BlackBerry services were finally fully restored this afternoon after more than three days of disruption.

Research in Motion (RIM) - the firm behind the smartphones - has attracted widespread anger after millions of people were left unable to access email, surf the web or use the BlackBerry Messenger service after problems began on Monday.

Speaking at a press conference broadcast online this afternoon, RIM's founder and co-chief executive Mike Lazaridis announced that the problems had been solved and said he was sorry.

Mr Lazaridis said: "We have now restored full services.

"I want to apologise to all the BlackBerry customers we have let down.

"You expect better of us, I expect better of us. Our inability to quickly fix this has been frustrating.

"We will take every action feasible to address this quickly and efficiently to minimise the risk of something of this magnitude happening again."

Earlier, Mr Lazaridis had said in a video posted on YouTube that he could not give an estimated time of full recovery with certainty.

Analysing what had gone wrong, Mr Lazaridis told the press conference the disruption had been down to a hardware failure on Monday which caused a "ripple effect" in RIM's system.

He said: "A dual redundant high capacity course switch designed to protect the infrastructure failed.

"It caused outages and delays for some customers in Europe, the Middle East, Africa, India, Brazil, Chile and Argentina. This caused a cascade failure in our system.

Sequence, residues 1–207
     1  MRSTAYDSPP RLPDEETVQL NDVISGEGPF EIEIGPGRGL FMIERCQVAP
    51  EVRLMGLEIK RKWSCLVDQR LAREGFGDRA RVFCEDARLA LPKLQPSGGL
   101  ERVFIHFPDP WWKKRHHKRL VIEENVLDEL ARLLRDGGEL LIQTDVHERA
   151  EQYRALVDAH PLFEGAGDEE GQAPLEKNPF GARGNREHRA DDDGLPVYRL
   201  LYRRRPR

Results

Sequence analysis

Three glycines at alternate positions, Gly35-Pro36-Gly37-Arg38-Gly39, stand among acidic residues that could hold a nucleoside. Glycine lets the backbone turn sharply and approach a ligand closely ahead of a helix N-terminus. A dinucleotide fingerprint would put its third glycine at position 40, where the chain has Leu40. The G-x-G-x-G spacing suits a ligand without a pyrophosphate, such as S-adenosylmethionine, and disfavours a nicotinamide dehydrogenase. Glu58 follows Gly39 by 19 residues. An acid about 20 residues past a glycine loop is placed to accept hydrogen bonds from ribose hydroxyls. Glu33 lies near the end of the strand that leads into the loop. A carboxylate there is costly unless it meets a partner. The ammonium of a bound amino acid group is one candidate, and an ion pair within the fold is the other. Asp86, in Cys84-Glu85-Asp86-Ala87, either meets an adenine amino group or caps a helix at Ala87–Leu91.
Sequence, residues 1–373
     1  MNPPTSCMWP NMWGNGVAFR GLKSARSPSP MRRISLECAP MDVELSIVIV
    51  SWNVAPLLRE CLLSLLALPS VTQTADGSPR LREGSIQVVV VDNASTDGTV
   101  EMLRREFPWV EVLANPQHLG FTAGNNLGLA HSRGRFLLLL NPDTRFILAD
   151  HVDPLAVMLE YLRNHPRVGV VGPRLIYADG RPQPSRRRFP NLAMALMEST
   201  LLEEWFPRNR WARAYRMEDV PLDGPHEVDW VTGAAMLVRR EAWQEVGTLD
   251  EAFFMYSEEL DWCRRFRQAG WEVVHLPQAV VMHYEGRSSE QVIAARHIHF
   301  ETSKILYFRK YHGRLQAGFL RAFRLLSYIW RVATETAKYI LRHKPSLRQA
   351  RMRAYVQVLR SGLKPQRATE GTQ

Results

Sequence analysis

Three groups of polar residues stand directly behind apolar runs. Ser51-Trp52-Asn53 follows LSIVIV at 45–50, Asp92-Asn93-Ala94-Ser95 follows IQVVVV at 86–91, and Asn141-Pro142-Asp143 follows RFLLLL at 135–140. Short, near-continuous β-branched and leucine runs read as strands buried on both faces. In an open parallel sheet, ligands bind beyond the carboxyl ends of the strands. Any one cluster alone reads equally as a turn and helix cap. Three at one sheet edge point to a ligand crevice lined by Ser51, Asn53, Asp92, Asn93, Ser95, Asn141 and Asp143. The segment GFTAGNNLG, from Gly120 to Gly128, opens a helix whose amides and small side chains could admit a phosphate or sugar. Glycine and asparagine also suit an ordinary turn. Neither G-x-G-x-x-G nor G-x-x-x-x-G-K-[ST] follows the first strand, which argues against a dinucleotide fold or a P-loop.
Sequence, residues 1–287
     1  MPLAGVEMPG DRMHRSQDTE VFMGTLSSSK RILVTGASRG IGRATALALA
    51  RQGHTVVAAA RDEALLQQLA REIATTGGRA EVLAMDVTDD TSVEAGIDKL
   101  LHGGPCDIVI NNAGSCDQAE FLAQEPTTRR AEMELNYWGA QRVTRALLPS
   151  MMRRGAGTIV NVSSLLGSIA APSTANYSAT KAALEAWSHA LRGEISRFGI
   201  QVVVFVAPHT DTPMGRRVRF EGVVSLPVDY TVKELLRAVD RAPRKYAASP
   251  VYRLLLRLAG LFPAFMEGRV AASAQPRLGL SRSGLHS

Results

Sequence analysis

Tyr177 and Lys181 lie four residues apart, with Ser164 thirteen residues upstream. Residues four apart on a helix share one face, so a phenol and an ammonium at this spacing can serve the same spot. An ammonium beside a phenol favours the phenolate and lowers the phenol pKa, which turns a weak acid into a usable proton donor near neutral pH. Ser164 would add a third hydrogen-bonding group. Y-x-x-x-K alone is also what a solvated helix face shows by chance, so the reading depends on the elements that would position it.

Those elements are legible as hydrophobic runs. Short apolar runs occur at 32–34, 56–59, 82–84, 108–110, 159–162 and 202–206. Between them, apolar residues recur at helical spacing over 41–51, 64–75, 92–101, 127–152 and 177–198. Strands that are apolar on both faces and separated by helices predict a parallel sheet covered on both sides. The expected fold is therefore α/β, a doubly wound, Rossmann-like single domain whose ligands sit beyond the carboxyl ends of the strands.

"There was a back-up switch but the back-up didn't function as intended and this led to backlog of data in the system."

RIM is now inspecting its infrastructure in a "root cause analysis" to uncover why the system took longer to restore than expected.

Reports that the initial hiccup was caused at the company's UK hub in Slough remain unconfirmed, although RIM has said the failure originated in Europe.

BlackBerry users were first given the all-clear on Tuesday morning, but RIM was later forced to admit in a recorded message that it was experiencing a "service" issue which was having an impact on subscribers.

Co-chief executive Jim Balsillie, speaking at the same press conference, denied that mobile phone companies who work with BlackBerry would be seeking compensation for the disruption.

He said: "The one thing you have to understand about these carriers is that people understand the complexity of these systems and when something like this happens everybody pulls together because it's all about serving the customers."